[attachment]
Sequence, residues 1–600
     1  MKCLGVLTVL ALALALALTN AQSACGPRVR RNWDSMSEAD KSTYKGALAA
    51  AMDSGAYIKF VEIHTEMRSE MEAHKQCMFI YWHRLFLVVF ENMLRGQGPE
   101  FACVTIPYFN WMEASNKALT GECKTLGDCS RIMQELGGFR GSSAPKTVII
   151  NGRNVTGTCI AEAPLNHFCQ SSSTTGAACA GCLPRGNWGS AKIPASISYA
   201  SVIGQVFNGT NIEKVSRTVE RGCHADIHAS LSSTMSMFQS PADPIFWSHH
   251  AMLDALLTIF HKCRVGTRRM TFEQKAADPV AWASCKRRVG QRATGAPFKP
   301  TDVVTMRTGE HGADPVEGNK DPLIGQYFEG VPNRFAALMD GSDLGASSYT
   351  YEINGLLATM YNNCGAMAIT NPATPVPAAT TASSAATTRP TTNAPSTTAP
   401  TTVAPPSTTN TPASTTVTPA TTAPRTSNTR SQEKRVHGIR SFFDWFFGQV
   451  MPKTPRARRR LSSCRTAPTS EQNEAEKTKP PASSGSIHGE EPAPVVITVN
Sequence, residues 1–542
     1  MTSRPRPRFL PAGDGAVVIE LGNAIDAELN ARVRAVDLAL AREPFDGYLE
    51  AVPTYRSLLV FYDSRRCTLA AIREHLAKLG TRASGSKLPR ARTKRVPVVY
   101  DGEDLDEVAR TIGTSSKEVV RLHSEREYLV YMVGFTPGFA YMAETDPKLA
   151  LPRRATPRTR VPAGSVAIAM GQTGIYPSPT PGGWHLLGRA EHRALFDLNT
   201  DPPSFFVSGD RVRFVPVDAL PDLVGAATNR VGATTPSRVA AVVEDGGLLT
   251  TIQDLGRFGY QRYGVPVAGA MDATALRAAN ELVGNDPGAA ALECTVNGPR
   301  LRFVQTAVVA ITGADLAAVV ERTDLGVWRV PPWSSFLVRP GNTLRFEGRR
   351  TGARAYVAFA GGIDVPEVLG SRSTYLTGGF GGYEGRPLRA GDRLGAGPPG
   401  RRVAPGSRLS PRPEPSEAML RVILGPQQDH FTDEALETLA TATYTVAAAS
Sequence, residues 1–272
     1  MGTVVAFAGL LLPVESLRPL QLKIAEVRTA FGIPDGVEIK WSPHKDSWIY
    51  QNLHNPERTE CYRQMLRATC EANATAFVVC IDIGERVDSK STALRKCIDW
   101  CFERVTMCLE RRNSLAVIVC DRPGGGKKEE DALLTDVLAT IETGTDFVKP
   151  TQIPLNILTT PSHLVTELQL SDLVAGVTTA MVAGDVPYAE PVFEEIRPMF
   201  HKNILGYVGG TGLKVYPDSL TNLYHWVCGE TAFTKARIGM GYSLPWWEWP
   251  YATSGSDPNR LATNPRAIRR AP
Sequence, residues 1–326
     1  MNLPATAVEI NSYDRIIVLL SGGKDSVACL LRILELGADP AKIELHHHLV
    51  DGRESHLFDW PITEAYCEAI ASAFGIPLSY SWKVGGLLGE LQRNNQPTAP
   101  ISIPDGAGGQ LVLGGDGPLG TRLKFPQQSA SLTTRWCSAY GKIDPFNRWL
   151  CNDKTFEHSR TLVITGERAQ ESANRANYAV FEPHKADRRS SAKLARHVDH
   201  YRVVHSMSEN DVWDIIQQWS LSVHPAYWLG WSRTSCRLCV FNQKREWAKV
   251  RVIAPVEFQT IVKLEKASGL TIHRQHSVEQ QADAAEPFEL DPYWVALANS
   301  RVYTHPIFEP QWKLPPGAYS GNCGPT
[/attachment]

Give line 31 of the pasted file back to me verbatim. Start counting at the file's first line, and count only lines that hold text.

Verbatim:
    51  DGRESHLFDW PITEAYCEAI ASAFGIPLSY SWKVGGLLGE LQRNNQPTAP